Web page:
Jummy Discovers: The National Portrait Gallery

The ability to draw and paint is a talent I have always wished I had, but that doesn’t stop me from appreciating those that have been blessed with this skill. I took a trip to the National Portrait Gallery which houses a collection of portraits of historically important and famous British people. With 195,000 portraits you can easily get lost in the art. Walking into this gallery seems like a regular affair; you are met with a friendly staff member and see a corridor leading to a reception desk and a shop. But this mundane entrance does not compare to the stunning art contained within the walls.

Taking the stairs to the first floor leads you to the contemporary portraits where you are greeted by a remarkable portrait of Malala Yousafzai. Close inspection of this portrait reveals the Arabic inscription on her face, to serve as a reminder of her heritage. This portrait really blew me away as it was very simple but very effective.The contemporary portraits continue on the floor above with a mix of paintings and photographs to display some contemporary figures, ranging from musicians such as Ed Sheeran and Sade to politicians such as Margaret Thatcher.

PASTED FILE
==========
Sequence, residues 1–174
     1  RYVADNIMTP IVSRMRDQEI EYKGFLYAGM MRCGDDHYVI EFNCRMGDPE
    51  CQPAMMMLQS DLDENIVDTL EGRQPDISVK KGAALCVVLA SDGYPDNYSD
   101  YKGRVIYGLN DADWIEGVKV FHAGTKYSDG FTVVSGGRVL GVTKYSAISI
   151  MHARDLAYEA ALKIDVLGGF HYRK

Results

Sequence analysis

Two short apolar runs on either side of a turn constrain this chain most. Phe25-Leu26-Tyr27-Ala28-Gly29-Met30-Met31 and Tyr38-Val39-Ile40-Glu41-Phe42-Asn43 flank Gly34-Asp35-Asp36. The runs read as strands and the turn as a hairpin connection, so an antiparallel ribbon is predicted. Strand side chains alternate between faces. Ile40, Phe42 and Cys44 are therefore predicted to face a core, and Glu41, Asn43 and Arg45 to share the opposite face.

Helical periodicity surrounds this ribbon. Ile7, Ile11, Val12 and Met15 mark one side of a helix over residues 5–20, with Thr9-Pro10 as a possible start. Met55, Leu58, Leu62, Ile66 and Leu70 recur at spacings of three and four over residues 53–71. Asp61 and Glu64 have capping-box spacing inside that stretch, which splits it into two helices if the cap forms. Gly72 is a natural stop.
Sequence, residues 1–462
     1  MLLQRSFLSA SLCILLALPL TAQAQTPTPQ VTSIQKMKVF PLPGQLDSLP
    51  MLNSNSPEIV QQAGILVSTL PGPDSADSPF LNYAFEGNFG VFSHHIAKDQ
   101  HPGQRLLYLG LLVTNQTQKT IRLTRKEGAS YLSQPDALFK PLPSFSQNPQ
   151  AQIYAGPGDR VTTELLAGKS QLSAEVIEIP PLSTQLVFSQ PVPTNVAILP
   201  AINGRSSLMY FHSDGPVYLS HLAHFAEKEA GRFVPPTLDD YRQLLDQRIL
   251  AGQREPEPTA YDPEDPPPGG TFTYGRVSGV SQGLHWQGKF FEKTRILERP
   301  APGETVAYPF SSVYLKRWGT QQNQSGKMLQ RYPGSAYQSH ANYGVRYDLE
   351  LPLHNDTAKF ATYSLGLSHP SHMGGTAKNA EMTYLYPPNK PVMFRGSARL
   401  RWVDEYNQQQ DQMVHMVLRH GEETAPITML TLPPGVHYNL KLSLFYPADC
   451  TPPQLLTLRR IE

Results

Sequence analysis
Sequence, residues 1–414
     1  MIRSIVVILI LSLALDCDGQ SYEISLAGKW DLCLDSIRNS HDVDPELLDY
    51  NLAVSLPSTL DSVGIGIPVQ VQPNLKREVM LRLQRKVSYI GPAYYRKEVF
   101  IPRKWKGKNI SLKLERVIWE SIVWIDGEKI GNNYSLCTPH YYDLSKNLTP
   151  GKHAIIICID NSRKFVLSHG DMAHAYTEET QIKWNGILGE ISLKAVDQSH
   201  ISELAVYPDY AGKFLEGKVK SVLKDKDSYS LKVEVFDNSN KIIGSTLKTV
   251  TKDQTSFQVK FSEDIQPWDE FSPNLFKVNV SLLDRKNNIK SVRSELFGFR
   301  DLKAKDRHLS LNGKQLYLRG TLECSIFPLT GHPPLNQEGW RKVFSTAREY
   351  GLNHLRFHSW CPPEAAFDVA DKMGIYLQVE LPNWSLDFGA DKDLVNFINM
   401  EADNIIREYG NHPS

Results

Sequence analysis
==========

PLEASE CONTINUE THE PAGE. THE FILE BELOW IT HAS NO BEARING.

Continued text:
The Victorian and 20th Century portrait room on the floor above is breath-taking with dimmed lights and an eerie feel, almost like a haunted house. Many of the portraits are coupled with statues to compensate for the lack of photography at that time. The purple walls and gold frames of the portraits exude royalty down the central corridor. The endless side rooms reveal more and more about the history of the United Kingdom and feature prominent figures including Winston Churchill, the Brontë sisters and Christabel Pankhurst. The portraits range from realistic photo like paintings to more abstract depictions, displaying the creativity of the portraitists at the time. IMG_1960.jpgThe floor above reveals the mysteries of the 17th and 18th century, with each room dedicated to a different aspect. Special focus is placed on science, the arts and Britain becoming a world power to represent the nation at this point in history. This section is much brighter than the Victorian and 20th Century section which really allows you to appreciate not only the art but also the surroundings. I am consistently stunned by the frames and the walls of each room. The portraits are very realistic, and each room feels like a transformation into a new world.

A trip to the Tudor times is offered on the same floor, displaying figures we are all familiar with from Primary School History lessons. The art ranges from flat portraits to paintings with more dimension, displaying the development of art during this time.

I highly recommend visiting this gallery, especially if you’re someone that loves art and portraits.

Love Jummy

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